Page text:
Friday, 10 August 2012

Entry: sacrosanct (adj.)

In context: "The United States: a community of sacred individuals which revers the sacredness of the individual choice.  The individual's right to pursue his own vision of the best ratio of pleasure to pain: utterly sacrosanct.  Defended with teeth and bared claws all through our history."

Definition: Of persons and things, esp. obligations, laws, etc.: Secured by a religious sanction from violation, infringement, or encroachment; inviolable, sacred.


Other: Not so uncommon, but a great word.  Wonderful etymology too:

Latin sacrōsanctus, properly two words, sacrō ablative of sacrum sacred rite (neuter of sacer sacred) and sanctus past participle of sancīre to render holy or inviolable. Compare French sacrosaint, earlier -sainct (whence some 17th cent. English forms), Spanish sacrosanto, Portuguese sacrossanto, Italian sacro-, sagrosanto.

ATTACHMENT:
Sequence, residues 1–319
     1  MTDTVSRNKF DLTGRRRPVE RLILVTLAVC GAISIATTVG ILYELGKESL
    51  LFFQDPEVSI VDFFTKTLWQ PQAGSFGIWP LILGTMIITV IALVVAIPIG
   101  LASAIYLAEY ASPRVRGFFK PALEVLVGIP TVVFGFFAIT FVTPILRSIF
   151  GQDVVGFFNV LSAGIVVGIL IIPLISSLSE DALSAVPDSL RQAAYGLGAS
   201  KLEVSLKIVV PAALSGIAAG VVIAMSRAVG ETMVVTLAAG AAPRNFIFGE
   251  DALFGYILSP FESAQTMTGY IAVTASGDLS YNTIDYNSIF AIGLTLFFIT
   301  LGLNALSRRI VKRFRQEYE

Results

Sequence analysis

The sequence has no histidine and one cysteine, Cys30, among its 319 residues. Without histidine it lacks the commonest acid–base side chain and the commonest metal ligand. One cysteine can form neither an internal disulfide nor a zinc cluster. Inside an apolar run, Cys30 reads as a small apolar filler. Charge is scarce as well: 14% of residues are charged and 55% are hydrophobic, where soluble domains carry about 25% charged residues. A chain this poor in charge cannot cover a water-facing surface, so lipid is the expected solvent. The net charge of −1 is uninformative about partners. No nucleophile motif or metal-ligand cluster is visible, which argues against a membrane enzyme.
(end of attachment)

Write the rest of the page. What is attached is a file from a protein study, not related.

I also like, for whatever reason(s), the following usage:

1880   World 16 June,   When the persons of hares and rabbits have ceased to be sacrosanct, what guarantee of inviolability is there for the grouse?

SNOOT score: 3
 
Page: 424

Source: Oxford English Dictionary   

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